Northwestern University Law Review 83 (1):54-135 (1989)

Authors
Lawrence B. Solum
Georgetown University
Abstract
The thesis of "Freedom of Communicative Action" is that Jurgen Habermas's theory of communicative action illuminated the deep structure of the First Amendment freedom of speech. Haberams's theory takes speech act theory as its point of departure. Communicative action coordinates indivudal behavior through rational understanding. Communicative action is distinguished from strategic action--the use of communication to manipulate, deceive, or coerce. Part I offers an introduction. Part II outlines a hermeneutic approach to interpretation of the First Amendent. Part III explores and criticizes existing theories of the freedom of speech. Part IV explicates Habermas's theory of communicative action. Part V developes a theory of the freedom of expression based on Habermas's theory of communication. Part VI applies that theory to particular problems in free speech doctrine. Part VII draws some conclusions about the implications of this exercise for the development of doctrine and the theory of communicative action. "Freedom of Communicative Action" was published in 1989, and some of the views expressed in the article are no longer affirmed by the author.
Keywords freedom of speech  Habermas  freedom of expression  communicative action  equality of communicative opportunity  ideal speech situation
Categories (categorize this paper)
Options
Edit this record
Mark as duplicate
Export citation
Find it on Scholar
Request removal from index
Revision history

Download options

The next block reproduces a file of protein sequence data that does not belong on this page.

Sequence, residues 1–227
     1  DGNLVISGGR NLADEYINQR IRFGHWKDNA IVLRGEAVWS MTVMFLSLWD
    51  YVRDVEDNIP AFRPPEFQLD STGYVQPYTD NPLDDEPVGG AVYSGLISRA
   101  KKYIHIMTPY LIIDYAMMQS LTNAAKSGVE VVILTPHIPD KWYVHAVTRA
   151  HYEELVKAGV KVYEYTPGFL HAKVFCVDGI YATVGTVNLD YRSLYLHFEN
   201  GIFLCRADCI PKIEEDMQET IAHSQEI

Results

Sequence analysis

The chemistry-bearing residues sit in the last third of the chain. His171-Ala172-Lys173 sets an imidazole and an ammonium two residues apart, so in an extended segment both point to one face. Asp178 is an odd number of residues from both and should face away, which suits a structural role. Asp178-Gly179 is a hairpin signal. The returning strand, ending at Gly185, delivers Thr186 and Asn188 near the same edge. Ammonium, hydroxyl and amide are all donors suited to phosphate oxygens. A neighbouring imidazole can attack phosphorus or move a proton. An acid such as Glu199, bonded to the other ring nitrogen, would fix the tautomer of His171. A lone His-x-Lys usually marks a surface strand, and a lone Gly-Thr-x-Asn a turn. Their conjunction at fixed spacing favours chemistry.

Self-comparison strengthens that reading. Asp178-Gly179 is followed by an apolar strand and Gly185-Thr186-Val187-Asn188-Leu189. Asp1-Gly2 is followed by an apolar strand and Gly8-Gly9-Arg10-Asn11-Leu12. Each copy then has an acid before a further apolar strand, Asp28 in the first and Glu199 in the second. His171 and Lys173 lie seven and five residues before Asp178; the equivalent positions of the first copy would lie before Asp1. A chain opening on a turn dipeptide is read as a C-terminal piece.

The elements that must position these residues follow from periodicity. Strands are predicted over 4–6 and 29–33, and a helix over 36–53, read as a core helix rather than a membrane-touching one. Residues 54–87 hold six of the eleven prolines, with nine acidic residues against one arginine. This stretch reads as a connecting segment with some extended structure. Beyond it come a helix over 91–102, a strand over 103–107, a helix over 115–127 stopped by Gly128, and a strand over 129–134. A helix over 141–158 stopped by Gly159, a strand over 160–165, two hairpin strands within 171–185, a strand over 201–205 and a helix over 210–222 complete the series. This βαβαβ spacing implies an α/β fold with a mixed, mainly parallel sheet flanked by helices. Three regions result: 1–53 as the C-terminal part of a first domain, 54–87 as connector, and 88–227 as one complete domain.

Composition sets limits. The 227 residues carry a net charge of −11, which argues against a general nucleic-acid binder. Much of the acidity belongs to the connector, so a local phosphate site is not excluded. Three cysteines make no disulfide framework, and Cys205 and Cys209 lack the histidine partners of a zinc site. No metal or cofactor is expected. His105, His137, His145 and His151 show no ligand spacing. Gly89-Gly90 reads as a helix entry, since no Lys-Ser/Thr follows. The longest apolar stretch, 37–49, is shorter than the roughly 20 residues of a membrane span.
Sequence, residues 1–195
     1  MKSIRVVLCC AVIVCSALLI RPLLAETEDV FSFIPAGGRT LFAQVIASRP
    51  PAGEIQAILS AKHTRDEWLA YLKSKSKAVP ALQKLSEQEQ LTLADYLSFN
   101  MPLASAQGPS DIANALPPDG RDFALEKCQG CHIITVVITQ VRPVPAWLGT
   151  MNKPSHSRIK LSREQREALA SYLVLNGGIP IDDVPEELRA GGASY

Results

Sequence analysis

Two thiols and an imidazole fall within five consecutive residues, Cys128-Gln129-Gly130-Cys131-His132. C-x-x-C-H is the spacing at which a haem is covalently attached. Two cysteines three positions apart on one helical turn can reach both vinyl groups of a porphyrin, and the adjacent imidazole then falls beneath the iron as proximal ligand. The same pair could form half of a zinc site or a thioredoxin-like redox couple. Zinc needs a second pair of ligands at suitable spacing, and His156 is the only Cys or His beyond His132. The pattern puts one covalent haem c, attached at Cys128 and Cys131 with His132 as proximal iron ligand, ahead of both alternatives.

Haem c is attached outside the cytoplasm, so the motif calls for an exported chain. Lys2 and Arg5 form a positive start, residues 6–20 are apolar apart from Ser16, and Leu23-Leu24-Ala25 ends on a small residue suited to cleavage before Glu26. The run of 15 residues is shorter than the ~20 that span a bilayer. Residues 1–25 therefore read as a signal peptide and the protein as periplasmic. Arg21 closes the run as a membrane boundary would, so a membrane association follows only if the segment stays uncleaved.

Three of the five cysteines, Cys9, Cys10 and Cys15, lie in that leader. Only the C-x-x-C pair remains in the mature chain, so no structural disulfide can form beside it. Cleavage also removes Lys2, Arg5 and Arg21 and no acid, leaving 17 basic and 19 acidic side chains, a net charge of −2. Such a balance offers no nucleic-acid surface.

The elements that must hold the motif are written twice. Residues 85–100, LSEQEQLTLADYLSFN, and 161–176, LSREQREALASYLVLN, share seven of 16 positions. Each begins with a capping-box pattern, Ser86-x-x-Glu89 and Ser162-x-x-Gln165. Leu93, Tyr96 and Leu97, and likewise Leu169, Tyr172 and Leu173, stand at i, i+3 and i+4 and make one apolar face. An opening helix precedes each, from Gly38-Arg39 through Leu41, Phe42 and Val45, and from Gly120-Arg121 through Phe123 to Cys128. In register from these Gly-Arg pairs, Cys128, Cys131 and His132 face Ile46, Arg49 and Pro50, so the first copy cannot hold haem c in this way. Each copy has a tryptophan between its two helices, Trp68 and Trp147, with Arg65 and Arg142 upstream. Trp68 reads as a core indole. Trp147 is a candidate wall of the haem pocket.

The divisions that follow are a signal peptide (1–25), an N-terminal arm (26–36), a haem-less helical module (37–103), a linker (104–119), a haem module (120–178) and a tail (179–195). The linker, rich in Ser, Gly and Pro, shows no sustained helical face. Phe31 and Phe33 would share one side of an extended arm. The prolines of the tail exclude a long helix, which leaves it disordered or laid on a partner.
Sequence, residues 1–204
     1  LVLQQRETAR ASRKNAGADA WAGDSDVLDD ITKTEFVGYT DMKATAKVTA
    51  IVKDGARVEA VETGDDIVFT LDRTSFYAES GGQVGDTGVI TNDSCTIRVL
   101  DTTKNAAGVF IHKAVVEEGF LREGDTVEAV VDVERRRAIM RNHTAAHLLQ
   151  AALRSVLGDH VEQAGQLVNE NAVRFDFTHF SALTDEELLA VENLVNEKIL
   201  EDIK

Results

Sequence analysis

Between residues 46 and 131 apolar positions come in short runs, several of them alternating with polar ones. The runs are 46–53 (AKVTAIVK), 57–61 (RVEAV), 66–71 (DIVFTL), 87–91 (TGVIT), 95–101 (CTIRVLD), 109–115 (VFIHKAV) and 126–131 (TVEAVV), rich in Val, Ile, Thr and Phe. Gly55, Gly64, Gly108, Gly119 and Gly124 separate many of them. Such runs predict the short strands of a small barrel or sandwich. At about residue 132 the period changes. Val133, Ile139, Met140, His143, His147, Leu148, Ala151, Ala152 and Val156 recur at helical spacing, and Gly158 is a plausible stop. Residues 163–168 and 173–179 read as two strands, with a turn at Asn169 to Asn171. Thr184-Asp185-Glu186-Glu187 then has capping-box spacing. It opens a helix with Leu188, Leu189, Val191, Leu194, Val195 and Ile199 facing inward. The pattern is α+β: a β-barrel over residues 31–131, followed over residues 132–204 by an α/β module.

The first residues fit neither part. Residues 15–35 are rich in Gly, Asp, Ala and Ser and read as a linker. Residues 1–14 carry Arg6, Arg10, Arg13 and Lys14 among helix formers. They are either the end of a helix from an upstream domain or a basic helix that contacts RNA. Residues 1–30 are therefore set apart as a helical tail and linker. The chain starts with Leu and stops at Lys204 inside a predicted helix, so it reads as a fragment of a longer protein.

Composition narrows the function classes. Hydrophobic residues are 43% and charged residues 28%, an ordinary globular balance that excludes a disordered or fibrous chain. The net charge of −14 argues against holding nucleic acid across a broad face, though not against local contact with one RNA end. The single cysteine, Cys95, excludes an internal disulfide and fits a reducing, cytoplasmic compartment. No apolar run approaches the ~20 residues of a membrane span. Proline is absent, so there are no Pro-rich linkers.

PhilArchive copy


Upload a copy of this paper     Check publisher's policy     Papers currently archived: 63,323
External links

Setup an account with your affiliations in order to access resources via your University's proxy server
Configure custom proxy (use this if your affiliation does not provide a proxy)
Through your library

References found in this work BETA

No references found.

Add more references

Citations of this work BETA

Introduction: Law in Habermas's Theory of Communicative Action.Mathieu Deflem - 1994 - Philosophy and Social Criticism 20 (4):1-20.
Habermas, Modernity and Law: A Bibliography.Mathieu Deflem - 1994 - Philosophy and Social Criticism 20 (4):151-166.

Add more citations

Similar books and articles

What Cannot Be Said: Speech and Violence.Johan Siebers - 2010 - Journal of Global Ethics 6 (2):89-102.
Collective Goals and Communicative Action.Raimo Tuomela - 2002 - Journal of Philosophical Research 27:29-64.
II. Reply to Skjei∗.Jürgen Habermas - 1985 - Inquiry: An Interdisciplinary Journal of Philosophy 28 (1-4):105-113.
What is a Validity Claim?Joseph Heath - 1998 - Philosophy and Social Criticism 24 (4):23-41.
I. A Comment on Performative, Subject, and Proposition in Habermas's Theory of Communication.Erling Skjei - 1985 - Inquiry: An Interdisciplinary Journal of Philosophy 28 (1-4):87 – 105.

Analytics

Added to PP index
2009-01-28

Total views
48 ( #222,282 of 2,448,729 )

Recent downloads (6 months)
2 ( #301,447 of 2,448,729 )

How can I increase my downloads?

Downloads

My notes